The Kerry Recruit

Author Unknown

About four years ago I was digging the land
With my brogues on my feet and my spade in my hand
Says I to myself what a pity to see
Such a fine strapping lad footing turf in Tralee

Wid me toorum mi neaa me toorum mi na
Wid me toorim  me nure im mi nure im mi nya

So I buttered me brogues and shook hands with my spade
And I went to the fair like a dashing young blade
When up comes a Seargeant and asks me to ‘list
Arra, sergeant a gra put the bob in me fist

O! Then here is the shilling, as we’ve got no more
When you get to headquarters you’ll get half a score
Arra, quit your kimeens, sez I, Sergeant goodbye
You’d not wish to be quartered, and neither would I

And the first thing they gave me it was a red coat
With a wide strap of leather to tie round my throat
They gave me a quare thing I asked what was that
And they told me it was a cockade for my head

They next thing they gave me they called it a gun
With powder and shot and a place for my thumb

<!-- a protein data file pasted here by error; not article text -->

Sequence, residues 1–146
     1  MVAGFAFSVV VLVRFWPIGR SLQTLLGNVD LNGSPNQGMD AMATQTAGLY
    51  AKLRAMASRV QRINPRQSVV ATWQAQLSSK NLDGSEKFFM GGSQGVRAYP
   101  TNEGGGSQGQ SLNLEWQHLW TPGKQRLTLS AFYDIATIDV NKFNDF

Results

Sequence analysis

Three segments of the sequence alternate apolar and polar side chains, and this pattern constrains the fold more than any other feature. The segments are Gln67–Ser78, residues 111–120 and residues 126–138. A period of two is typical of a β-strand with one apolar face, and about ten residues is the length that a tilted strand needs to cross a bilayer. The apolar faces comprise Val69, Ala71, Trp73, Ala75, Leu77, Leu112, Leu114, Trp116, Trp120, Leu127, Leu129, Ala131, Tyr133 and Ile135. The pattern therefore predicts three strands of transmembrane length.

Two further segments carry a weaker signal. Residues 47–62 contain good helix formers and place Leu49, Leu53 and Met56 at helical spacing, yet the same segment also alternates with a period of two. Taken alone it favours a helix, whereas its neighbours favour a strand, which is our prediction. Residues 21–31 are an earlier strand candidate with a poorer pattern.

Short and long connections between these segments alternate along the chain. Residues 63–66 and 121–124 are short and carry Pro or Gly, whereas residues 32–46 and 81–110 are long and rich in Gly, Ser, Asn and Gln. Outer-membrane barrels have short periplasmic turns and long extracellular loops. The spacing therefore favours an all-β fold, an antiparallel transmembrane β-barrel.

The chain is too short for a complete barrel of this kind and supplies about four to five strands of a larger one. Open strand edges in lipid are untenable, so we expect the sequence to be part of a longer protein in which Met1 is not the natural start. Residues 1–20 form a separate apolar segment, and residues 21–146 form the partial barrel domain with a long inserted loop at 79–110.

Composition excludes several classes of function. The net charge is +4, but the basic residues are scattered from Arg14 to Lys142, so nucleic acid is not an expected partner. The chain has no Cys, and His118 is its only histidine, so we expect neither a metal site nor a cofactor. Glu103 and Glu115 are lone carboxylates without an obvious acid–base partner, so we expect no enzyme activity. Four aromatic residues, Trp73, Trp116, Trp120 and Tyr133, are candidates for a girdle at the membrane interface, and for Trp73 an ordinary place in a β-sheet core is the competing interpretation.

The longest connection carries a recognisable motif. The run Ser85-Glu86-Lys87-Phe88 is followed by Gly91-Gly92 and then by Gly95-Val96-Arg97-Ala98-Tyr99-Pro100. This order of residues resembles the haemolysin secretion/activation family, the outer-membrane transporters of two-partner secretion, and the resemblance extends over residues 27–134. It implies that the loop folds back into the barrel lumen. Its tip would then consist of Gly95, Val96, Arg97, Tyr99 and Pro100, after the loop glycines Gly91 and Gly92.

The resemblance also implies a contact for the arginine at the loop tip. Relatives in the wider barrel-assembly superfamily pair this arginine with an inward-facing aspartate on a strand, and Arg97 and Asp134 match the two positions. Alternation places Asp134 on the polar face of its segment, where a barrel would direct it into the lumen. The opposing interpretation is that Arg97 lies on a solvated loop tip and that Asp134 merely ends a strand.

And first she spit fire and then she spit smoke
Lord, she gave a great lep and my shoulder near broke

The next place they sent me was down to the sea
On board of a warship bound for the Crimea
Three sticks in the middle all rowled with sheets
She walked thro’ the water without any feet

When at Balaclava we landed quite sound
Both cold wet and hungry we lay on the ground
Next morning for action the bugle did call
And we got a hot breakfast of powder and ball

Sure it’s often I thought of my name and my home
And the days that I spent cutting turf, och mavrone
The balls were so thick and the fire was so hot
I lay down in the ditch, boys, for fear I’d be shot

We fought at the Alma, likewise Inkerman
But the Russians they whaled us at the Redan
In scaling the walls there myself lost my eye
And a big Russian bullet ran off with me thigh

It was there I lay bleeding stretched on the cold ground
Heads, legs and arms were scattered all around
Says I, if my mama or my cleaveens were nigh
They’d bury me decent and raise a loud cry

They brought me the doctor, who soon staunched my blood
And he gave me an elegant leg made of wood
They gave me a medal an ten pence a day
Contented with Sheila, I’ll live on half pay.